Far Country, a — Volume 1 eBook

This eBook from the Gutenberg Project consists of approximately 152 pages of information about Far Country, a Volume 1.

“You’ve given up the idiotic notion of wishing to be an author?”

I implied that he himself had convinced me of the futility of such a wish.  I listened to his next words as in a dream.

“I must confess to you, Hugh, that there are times when I fail to understand you.  I hope it is as you say, that you have arrived at a settled conviction as to your future, and that this is not another of those caprices to which you have been subject, nor a desire to shirk honest work.  Mr. Wood has made out a strong case for you, and I have therefore determined to give you a trial.  If you pass the examinations with credit, you may go to college, but if at any time you fail to make good progress, you come home, and go into business again.  Is that thoroughly understood?”

I said it was, and thanked him effusively....  I had escaped,—­the prison doors had flown open.  But it is written that every happiness has its sting; and my joy, intense though it was, had in it a core of remorse....

I went downstairs to my mother, who was sitting in the hall by the open door.

“Father says I may go!” I said.

She got up and took me in her arms.

“My dear, I am so glad, although we shall miss you dreadfully....  Hugh?”

“Yes, mother.”

“Oh, Hugh, I so want you to be a good man!”

Her cry was a little incoherent, but fraught with a meaning that came home to me, in spite of myself....

A while later I ran over to announce to the amazed Tom Peters that I was actually going to Harvard with him.  He stood in the half-lighted hallway, his hands in his pockets, blinking at me.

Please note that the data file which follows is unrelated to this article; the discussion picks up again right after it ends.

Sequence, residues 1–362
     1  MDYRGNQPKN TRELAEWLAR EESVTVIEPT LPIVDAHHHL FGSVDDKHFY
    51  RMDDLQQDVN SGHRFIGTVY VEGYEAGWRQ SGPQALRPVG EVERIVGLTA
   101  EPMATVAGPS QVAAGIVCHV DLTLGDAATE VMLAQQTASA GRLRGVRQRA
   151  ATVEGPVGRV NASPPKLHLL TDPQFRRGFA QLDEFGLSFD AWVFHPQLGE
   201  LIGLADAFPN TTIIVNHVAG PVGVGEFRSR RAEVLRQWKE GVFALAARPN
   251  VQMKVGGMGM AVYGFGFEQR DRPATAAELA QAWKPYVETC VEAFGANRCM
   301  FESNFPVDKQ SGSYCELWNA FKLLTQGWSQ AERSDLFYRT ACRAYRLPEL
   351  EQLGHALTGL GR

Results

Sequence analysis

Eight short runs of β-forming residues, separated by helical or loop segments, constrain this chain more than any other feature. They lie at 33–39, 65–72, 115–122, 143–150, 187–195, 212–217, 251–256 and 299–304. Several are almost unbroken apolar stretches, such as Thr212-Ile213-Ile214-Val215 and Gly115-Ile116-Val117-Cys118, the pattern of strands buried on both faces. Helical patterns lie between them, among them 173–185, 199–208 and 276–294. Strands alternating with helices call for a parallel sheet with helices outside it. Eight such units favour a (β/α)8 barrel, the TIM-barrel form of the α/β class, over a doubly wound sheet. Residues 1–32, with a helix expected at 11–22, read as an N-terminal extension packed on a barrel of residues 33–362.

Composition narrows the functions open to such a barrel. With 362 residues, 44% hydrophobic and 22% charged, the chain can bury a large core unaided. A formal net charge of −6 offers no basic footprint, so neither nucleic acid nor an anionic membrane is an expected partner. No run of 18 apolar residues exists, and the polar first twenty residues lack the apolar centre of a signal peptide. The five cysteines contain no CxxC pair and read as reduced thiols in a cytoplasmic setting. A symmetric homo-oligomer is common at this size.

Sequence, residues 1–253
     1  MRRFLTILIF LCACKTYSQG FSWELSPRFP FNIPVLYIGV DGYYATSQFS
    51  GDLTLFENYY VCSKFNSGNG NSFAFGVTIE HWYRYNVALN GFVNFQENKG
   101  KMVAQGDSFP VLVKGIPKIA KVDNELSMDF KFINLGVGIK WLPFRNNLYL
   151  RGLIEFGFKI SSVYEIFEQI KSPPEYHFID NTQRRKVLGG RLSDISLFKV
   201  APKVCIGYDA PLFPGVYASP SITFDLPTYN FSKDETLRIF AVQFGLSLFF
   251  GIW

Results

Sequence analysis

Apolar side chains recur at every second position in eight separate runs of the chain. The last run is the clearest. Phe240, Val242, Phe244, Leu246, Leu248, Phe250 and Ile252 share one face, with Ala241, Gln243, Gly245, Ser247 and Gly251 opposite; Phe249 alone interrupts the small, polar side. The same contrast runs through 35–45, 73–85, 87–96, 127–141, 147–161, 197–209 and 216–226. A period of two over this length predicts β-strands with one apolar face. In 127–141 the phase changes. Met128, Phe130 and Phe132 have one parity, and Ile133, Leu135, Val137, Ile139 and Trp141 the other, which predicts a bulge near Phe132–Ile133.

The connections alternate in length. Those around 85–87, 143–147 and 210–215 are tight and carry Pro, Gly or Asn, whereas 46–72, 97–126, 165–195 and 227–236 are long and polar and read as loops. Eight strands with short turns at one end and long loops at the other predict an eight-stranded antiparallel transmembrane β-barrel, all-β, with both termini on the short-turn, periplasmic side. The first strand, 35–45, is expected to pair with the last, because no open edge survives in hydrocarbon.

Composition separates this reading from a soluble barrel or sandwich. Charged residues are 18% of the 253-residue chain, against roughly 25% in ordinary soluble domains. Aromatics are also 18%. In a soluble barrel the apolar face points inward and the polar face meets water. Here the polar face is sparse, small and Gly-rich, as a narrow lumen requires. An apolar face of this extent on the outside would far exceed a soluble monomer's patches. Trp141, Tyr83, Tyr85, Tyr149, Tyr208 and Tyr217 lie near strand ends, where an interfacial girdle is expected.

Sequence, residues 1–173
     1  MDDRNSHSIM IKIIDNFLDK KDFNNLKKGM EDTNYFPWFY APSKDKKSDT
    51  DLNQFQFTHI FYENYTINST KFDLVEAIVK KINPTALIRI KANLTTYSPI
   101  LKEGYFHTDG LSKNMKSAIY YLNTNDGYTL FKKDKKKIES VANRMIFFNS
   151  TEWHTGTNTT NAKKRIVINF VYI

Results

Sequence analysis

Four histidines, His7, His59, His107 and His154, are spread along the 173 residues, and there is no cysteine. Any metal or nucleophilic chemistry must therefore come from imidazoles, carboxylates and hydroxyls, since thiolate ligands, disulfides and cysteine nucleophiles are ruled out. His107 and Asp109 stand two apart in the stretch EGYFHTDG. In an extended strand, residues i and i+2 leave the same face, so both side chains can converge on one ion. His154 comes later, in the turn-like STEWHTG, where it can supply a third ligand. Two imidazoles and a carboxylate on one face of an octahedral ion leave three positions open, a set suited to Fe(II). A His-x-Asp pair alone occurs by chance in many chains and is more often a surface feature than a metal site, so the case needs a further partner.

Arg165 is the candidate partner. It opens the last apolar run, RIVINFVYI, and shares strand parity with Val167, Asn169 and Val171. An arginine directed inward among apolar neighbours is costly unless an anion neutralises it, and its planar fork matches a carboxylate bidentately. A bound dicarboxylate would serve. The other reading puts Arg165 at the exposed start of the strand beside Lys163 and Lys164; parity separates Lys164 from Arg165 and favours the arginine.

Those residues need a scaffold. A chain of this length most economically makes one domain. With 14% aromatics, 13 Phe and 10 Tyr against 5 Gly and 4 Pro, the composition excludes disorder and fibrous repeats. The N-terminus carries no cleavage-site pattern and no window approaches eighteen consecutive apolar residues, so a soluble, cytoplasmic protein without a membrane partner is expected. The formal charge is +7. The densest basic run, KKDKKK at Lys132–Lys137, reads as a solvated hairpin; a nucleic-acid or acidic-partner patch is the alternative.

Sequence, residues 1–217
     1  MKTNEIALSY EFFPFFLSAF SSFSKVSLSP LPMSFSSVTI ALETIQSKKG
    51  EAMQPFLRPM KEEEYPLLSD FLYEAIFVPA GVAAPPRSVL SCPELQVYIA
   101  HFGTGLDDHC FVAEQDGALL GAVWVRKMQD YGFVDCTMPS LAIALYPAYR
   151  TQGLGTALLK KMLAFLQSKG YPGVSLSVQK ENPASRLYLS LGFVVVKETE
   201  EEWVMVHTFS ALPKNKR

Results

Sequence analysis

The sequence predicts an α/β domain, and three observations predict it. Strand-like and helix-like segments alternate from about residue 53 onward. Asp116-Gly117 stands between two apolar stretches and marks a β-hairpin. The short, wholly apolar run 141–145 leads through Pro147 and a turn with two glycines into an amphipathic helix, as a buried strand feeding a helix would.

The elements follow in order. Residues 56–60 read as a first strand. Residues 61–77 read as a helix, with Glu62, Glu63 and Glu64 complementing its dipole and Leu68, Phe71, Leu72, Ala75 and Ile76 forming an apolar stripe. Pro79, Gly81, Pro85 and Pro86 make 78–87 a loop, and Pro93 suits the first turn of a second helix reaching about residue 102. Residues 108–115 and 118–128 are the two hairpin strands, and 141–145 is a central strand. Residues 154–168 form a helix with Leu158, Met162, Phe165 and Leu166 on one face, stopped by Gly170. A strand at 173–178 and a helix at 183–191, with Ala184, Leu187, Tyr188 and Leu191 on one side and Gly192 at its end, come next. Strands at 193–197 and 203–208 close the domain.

“Hugh, you’re a wonder!” he cried.  “How in Jehoshaphat did you work it?"...

I lay long awake that night thinking over the momentous change so soon to come into my life, wondering exultantly what Nancy Willett would say now.  I was not one, at any rate, to be despised or neglected.

VI.

The following September Tom Peters and I went East together.  In the early morning Boston broke on us like a Mecca as we rolled out of the old Albany station, joint lords of a “herdic.”  How sharply the smell of the salt-laden east wind and its penetrating coolness come back to me!  I seek in vain for words to express the exhilarating effect of that briny coolness on my imagination, and of the visions it summoned up of the newer, larger life into which I had marvellously been transported.  We alighted at the Parker House, full-fledged men of the world, and tried to act as though the breakfast of which we partook were merely an incident, not an Event; as though we were Seniors, and not freshmen, assuming an indifference to the beings by whom we were surrounded and who were breakfasting, too,—­although the nice-looking ones with fresh faces and trim clothes were all undoubtedly Olympians.  The better to proclaim our nonchalance, we seated ourselves on a lounge of the marble-paved lobby and smoked cigarettes.  This was liberty indeed!  At length we departed for Cambridge, in another herdic.

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Far Country, a — Volume 1 from Project Gutenberg. Public domain.
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